In negligence cases, the rule of “contributory negligence” denies a plaintiff recovery if he is negligent and that fact contributes to his injuries.
The term “contributory negligence” refers to the act or omission amounting to want of ordinary care on part of the plaintiff, which, concurring with defendant’s negligence, is the proximate cause of the injury, thereby preventing plaintiff from recovering any damages from the defendant.
“Any want of ordinary care on the part of the person injured, (or on the part of another whose negligence is imputable to him,) which combined and concurrent with the defendant’s negligence, and contributed to the injury as a proximate cause thereof, and as an element without which the injury would not have occurred.” Railroad Co. v. Young, 153 Ind. 163.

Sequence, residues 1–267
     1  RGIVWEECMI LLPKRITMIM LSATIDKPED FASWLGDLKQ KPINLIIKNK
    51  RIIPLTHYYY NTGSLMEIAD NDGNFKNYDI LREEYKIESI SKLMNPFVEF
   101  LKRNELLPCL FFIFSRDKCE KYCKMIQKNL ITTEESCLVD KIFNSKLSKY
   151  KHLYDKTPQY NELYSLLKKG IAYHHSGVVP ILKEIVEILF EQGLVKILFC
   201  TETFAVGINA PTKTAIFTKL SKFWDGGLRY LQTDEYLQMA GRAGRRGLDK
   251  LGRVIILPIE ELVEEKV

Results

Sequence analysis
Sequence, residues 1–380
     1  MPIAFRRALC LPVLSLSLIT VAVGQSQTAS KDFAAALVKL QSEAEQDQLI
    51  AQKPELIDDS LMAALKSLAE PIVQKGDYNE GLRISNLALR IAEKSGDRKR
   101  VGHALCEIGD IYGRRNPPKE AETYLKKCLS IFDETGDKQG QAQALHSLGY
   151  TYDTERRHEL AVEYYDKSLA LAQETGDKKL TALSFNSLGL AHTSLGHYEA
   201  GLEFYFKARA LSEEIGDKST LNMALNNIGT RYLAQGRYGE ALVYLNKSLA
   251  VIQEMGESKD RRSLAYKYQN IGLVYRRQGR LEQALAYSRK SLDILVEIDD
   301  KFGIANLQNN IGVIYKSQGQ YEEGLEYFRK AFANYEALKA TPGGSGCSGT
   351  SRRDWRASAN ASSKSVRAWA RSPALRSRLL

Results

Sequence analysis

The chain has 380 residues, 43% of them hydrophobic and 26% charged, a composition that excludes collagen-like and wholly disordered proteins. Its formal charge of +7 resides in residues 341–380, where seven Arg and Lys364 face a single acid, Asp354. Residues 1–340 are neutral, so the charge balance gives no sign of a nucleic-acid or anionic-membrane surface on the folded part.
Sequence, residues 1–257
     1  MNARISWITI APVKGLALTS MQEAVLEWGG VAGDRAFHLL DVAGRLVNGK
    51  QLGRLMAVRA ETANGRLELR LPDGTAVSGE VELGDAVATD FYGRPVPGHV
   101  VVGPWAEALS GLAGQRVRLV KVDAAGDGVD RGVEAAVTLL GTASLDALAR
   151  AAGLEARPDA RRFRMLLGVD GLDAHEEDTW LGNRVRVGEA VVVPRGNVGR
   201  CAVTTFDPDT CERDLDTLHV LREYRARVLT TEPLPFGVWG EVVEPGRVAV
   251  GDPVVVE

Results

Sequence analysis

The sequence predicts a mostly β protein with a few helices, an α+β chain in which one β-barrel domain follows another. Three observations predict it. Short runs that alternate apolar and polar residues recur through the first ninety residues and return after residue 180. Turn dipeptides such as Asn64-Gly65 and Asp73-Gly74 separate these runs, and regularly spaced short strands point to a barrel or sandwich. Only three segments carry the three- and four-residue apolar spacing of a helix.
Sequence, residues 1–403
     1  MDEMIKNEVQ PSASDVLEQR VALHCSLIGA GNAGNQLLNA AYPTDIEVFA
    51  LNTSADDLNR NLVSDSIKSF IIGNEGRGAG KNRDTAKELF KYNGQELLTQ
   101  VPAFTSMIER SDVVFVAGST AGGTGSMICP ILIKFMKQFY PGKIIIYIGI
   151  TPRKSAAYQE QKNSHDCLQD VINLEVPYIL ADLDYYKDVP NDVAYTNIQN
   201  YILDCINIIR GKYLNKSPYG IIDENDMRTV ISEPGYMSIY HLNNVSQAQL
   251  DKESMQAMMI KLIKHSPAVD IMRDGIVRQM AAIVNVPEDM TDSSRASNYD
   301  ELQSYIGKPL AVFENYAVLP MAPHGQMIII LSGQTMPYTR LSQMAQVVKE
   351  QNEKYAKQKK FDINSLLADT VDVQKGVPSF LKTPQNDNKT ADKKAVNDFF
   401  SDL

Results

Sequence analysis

“The negligent act of plaintiff which, concurrent and cooperating with negligent act of defendant, becomes real, efficient, and proximate cause of injury, or cause without which the injury would not have occurred.” Elder v. Plaza Ry., 194 N.C. 617.
Contributory negligence doctrine has now been replaced in most jurisdictions with the doctrine of comparative fault.